But the career change suits him and was worth the risk, he said. "If I had not gone back to school, I'd be breaking my back in hard labor and construction jobs and not in a job that gives me satisfaction at the end of every day."
Another recent physical-therapy graduate, Nata Salvatori, said job offers are abundant in her area. She relocated to Florida to pursue a residency program at Brooks Rehabilitation in Jacksonville after graduating from Virginia Commonwealth University last summer.
"It's always easier to get a job in a hospital setting or home-health setting than in an outpatient setting, but there are still plenty of jobs out there," she said. "I'm still getting phone calls and e-mails about job offers, and this is six months after I graduated."
Salvatori, 28, says she has "no fear of not having a job" in future recessions. "People always get hurt and they'll always need help."
NURSES: Many new nurses, however, may have to recalibrate their expectations. Hospitals are trying to do more with less staff as their patient volumes decrease, and they have their pick of more experienced candidates, said Marianne Hattar-Pollara, director of the nursing program at California State University-Northridge.
"Saturation in the job market is making it more difficult to immediately find a job," she said. "This creates a major problem for recent graduates because if they don't find a job right away, after a year they're no longer considered recent graduates. Since more than a year passed before they started practice, they will be considered less marketable and they may require remediation so they have currency in their knowledge and clinical skills."
This year, a few nursing students at Cal State-Northridge have decided to extend their time on campus with clinical lab work to retain their student status until job-market conditions improve, Hattar-Pollara said. "They are trying to be creative."
Still, the softening hasn't deterred many would-be nurses from seeking to make a career change. Cal State-Northridge received 300 applications for 36 summer semester positions in its bachelor's degree nursing program for people who already have a bachelor's or master's degree in a different field.
Pepper Black, 40, of Lancaster, Ohio, knows the frustration of looking for work that doesn't materialize. She passed her state boards last October and has applied to every place she can think of in her five-county area that uses nurses, including pharmacies that administer flu shots.
"All you hear about is the nursing shortage. When I first started school, they were still hiring nurses with big sign-on bonuses. That I don't see any more, for sure," she said. "I definitely didn't think it would be this difficult."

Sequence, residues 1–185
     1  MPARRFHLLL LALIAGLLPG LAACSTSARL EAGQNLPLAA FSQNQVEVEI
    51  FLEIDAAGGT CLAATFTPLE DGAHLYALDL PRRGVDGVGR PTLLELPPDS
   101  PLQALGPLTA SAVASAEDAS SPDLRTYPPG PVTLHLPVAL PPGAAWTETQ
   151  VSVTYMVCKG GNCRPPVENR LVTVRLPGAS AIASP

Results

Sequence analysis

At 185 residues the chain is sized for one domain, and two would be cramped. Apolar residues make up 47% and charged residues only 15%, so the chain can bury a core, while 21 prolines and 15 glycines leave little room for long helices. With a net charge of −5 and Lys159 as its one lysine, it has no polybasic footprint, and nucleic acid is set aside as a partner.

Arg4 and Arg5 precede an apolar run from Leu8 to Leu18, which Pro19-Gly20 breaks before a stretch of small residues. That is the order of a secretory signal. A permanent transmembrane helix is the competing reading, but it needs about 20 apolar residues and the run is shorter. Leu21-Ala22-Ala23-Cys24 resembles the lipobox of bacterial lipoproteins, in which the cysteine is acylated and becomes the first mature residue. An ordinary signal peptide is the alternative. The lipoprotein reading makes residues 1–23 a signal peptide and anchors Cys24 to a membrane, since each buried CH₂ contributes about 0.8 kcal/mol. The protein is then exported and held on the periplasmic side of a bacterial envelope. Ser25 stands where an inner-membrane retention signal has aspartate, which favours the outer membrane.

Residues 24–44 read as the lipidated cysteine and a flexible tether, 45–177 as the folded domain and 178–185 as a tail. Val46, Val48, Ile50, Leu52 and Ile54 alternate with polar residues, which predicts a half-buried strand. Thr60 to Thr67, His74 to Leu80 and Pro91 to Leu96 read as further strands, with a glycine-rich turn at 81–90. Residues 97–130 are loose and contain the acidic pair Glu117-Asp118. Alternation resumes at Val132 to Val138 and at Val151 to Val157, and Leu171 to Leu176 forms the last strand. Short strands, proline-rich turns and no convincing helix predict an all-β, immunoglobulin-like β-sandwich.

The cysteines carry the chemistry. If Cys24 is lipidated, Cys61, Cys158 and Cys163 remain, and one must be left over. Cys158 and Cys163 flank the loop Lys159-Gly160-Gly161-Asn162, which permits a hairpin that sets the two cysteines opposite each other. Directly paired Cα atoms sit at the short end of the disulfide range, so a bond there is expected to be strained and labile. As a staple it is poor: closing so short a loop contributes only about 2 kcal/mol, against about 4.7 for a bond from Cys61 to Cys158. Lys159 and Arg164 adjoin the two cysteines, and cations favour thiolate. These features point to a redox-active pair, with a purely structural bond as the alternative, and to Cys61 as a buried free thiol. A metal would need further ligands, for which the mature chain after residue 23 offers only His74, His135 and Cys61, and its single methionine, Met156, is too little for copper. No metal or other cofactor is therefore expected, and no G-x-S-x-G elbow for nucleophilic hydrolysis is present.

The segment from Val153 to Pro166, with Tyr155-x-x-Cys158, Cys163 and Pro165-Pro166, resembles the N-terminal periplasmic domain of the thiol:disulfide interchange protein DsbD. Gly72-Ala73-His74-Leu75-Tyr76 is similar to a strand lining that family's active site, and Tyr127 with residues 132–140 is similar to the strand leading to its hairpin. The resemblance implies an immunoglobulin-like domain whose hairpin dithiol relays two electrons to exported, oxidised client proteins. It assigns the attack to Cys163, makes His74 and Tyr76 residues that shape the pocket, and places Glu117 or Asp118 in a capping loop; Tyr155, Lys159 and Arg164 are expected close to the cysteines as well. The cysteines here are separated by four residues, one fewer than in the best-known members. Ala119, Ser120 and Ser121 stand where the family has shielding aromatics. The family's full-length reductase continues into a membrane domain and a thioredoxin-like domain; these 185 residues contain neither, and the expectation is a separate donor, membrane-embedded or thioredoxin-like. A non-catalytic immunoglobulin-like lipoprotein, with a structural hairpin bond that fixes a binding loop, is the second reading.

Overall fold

Black graduated from a local associate's degree program with a 3.5 grade point average and great references, she said. But in following her friends' job-search progress, she wonders if she should have spent more time doing part-time work at a hospital instead of focusing on her grades.
"So far the only ones I know who got jobs who were the ones who worked as techs or nurses' aides before they graduated," Black said.
IN-HOME HEALTH AIDES: Near-term prospects aren't as uncertain for privately-paid home-health aides. The job market for them is still strong despite the recession, and the starting wage of $10 to $12 an hour in the New Jersey area is unchanged, said Ethan Kassel, co-owner of Garden State Elder Care in South Orange, N.J.
"There's more and more opportunity for somebody who wants to be a home-care worker," he said.
Though it's a low-wage job, educational requirements are minimal. Some states require home-health aides to get certification, which in New Jersey takes only a few days, Kassel said.
Since Kassel opened his doors in 2007, many more agencies have opened up. His outfit only hires people with a minimum of two years of experience. "As the industry grows, it's more difficult to find people with a lot of experience," he said.
The recession has caused some clients to request fewer hours of home-health assistance, Kassel said. But aides often work for multiple agencies.
"They certainly are finding work if we don't have it," he said. "The difficulty for us is making sure we can keep people and give them the hours they want or else they'll go somewhere else."
Source: McClatchy-Tribune Information Services.